It’s been a while since we looked in on Michigan’s murder-child and his dispassionate parents. Some of what we’re going to discuss became public before Ethan Crumbley’s defense filed a notice that they would be pursuing an insanity defense. I wanted to call this post ‘Catching up with The Crumbleys’, but that felt a little too flippant for me.
Anyway, we start back in early January when James and Jennifer Crumbly had a bond hearing. As you may recall, the Crumbley’s were being held on $500,000 bond each on four counts each of involuntary manslaughter. These charges stem from the Oakland County prosecutor’s belief that the Crumbley’s were negligent in allegedly providing the gun Ethan Crumbley used to kill four other students. Those four students were 16-year-old Tate Myre, 14-year-old Hana St. Juliana, 17-year-old Madisyn Baldwin, and 17-year-old Justin Shilling.
But back to the Crumbleys. They were seeking a lower bond of $100,000 each. Oakland County Prosecutor Karen McDonald laid out why she thought that request should be denied. Ms. McDonald considered the Crumbleys an extreme flight risk, stating that after their arrest warrants had been announced, the Crumbley exhibited behavior that indicated they were trying to avoid arrest.
For example, at the time of their arrests, the Crumbleys had close to $7000 cash on them along with multiple credit cards and gift cards and four different cell phones. Just hours after the shooting, the Crumbleys were said to have tried selling off the horses they owned rather quickly. That same day, they emptied Ethan Crumbley’s bank account of $3000. The day before the Crumbleys were supposed to turn themselves in, $2000 was withdrawn from their bank account. The next day, they withdrew another $4000.
If you’ll recall, the Crumbleys were hiding out in a friend’s studio in an industrial section of Detroit. James Crumbley is said to have parked his car in a way where his license plate was obstructed. The Crumbleys allegedly asked their friend to do some shopping for them, which was said to have included vodka, orange juice, and bedding. I guess there’s nothing like lying around and having a few pitchers of Screwdrivers while there’s an active warrant out for your arrest. Even after police had entered the building where the Crumbleys were hiding, the Crumbleys hid behind a locked door, crouched behind a mattress that was on the floor. You know, because police never look under any mattresses when searching for a wanted suspect.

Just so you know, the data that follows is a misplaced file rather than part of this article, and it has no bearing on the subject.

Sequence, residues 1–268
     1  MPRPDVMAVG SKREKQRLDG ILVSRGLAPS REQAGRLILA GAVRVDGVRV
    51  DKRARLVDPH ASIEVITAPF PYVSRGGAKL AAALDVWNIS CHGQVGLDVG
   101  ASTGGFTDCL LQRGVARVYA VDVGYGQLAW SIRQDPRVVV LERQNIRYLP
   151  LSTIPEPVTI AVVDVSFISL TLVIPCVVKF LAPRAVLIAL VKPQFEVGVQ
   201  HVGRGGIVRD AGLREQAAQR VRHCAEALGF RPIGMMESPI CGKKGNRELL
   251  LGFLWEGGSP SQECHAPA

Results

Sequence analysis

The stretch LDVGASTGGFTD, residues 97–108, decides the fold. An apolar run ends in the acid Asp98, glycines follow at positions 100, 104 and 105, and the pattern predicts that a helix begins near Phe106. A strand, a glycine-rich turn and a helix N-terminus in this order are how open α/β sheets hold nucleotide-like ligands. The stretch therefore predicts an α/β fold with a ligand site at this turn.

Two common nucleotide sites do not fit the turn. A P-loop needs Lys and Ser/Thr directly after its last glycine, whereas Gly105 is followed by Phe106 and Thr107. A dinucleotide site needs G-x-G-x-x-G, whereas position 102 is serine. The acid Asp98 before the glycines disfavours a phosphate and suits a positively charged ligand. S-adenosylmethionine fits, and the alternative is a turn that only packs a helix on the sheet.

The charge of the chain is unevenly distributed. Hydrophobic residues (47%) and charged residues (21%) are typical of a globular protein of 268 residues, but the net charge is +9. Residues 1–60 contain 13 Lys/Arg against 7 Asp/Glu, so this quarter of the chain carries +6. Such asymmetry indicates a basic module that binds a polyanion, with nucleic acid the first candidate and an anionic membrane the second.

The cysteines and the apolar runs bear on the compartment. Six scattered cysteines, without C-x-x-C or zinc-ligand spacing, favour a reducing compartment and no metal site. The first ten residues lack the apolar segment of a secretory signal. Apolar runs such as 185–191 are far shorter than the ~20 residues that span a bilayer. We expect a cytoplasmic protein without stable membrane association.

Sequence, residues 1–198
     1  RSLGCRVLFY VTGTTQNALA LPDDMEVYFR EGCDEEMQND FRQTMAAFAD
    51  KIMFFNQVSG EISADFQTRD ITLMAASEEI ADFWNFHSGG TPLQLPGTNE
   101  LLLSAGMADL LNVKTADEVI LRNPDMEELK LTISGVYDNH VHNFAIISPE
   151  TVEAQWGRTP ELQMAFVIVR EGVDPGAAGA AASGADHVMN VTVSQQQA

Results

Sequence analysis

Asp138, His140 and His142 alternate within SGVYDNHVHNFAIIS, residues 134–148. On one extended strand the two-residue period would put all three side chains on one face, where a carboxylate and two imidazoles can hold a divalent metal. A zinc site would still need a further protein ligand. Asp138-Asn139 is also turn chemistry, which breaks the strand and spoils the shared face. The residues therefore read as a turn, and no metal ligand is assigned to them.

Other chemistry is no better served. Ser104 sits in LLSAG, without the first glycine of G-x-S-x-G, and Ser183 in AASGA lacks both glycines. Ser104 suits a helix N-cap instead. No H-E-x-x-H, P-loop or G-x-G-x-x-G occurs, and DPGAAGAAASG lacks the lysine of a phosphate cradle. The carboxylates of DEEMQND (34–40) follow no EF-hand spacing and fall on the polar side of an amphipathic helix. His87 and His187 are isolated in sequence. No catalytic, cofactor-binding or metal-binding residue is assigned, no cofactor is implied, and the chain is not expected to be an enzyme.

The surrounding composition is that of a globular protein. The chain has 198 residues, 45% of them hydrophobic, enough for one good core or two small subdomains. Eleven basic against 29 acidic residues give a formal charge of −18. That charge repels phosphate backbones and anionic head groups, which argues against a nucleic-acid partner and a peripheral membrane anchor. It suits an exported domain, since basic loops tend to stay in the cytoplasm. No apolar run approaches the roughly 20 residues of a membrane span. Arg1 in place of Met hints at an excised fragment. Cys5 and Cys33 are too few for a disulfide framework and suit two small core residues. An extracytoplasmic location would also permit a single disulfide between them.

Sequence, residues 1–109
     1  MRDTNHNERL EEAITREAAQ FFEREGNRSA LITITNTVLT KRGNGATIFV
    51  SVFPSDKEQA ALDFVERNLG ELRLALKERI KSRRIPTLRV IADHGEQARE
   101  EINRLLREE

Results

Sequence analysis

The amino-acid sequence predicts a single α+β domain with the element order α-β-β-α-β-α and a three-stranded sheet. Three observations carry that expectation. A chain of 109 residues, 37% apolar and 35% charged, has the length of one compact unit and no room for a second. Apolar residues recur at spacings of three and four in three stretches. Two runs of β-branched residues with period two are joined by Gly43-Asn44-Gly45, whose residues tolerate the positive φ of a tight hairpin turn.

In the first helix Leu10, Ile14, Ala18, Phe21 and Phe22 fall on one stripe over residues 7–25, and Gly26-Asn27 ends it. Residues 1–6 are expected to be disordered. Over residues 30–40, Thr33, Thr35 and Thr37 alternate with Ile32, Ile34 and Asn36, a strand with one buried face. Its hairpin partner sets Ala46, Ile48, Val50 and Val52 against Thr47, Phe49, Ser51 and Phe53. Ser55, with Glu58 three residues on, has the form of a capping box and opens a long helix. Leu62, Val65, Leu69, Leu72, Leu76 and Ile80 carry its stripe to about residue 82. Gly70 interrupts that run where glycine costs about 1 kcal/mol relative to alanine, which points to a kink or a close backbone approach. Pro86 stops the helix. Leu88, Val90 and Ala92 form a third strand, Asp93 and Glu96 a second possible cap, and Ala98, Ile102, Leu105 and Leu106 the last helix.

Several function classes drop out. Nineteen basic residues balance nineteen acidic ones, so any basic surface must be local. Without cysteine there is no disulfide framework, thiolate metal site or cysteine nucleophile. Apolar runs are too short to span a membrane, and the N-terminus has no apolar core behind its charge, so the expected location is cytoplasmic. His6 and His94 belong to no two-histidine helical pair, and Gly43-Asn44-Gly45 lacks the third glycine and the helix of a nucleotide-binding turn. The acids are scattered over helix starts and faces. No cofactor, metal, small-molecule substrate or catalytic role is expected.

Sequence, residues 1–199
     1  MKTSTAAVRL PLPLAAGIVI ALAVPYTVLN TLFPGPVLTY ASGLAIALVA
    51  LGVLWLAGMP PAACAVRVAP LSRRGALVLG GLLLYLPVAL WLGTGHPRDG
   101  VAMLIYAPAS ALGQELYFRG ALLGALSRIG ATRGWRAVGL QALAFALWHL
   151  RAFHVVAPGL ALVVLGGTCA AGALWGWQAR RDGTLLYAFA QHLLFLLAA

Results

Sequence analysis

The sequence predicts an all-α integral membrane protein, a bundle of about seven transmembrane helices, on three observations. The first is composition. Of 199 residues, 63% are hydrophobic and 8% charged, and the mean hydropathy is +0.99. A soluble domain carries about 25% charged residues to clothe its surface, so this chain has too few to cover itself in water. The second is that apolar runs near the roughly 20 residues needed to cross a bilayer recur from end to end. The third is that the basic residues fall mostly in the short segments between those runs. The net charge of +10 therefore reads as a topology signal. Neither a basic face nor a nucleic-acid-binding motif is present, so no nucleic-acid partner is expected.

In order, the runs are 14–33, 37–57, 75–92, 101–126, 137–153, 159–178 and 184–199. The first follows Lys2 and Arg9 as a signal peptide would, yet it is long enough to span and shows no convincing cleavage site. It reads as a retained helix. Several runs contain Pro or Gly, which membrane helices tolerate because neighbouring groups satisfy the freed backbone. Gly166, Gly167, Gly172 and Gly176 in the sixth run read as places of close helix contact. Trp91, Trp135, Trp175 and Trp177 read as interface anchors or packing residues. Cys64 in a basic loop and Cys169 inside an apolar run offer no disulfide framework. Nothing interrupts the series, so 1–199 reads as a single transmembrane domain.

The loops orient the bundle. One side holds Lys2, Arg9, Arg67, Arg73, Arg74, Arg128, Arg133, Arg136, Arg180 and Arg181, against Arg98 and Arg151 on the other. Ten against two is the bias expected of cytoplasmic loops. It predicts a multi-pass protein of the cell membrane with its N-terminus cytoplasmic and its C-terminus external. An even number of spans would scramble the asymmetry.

The Crumbleys’ defense argued the Crumbleys had received threats and were merely concerned for their own safety.
The judge didn’t buy it, and their request for lower bond was denied.
If I get this post out on the 22nd, Ethan Crumbley is scheduled to appear in court today to see if she should remain in jail or be transferred to a juvenile facility. It may have already happened, but the media may have not caught up yet. In preparation for this hearing, the Oakland County Prosecutor filed some findings with the court late last month.
According to these filings, Ethan Crumbley had always intended to surrender to police, so he could live and admire his handiwork. He allegedly wanted to witness the suffering he caused. Crumbley is said to have wanted to commit the shooting so people could think about him until time ends. Police found videos of Crumbley from the day before the shooting, where Crumbley talked about killing other students the next day. And of course, there was the prerequisite journal where Crumbly again talked about his desire to kill.
One of the many problems with infamy seekers like this is they think they will be remembered. Thanks to America’s laughable gun legislation (you knew I had to bring that up eventually), people like Crumbley are just another name on an ever expanding list. This past Valentine’s Day was the 14th Anniversary of the shooting at Northern Illinois University. We’re also coming up on the 10th anniversary of the shooting at Chardon High School in Ohio. In my opinion, not only could most Americans not tell you what happened at these schools, but they most assuredly couldn’t name the shooters. The only school shootings that remain in the American conscience are Columbine, since it was the one that set off this modern chain reaction of school shootings, and Parkland due to the political fallout that stemmed from it. Every other school shooting is just one in a series of hundreds. Even I have to look up some of these cowards’ names after writing about them for the past 22 years. Once Ethan Crumbley is sentenced to prison, he will be all but forgotten outside the Oxford area.
Lastly, I want to talk about one of the text messages Jennifer Crumbly sent after her stepson had already killed four other students. She actually sent a number of questionable text messages, but I wish to focus on the one she sent to her boss.
As news of the shooting broke, Jennifer Crumbley texted her boss the following: “I need my job, please don’t judge me for what my son did.”
Can she actually be for real? How cold-blooded is she to think she could go back to selling houses in the Oxford area after her stepson killed four people? If she hadn’t been arrested, I don’t doubt she would’ve been out there in her realtor’s blazer trying to close a deal if she had her way.
I think it’s clear that neither parent cared about Ethan Crumbley. And when you have a household where guns are treated like party favors, no one should be surprised this is how it turned out. The three of them combined created the ‘perfect’ recipe for disaster.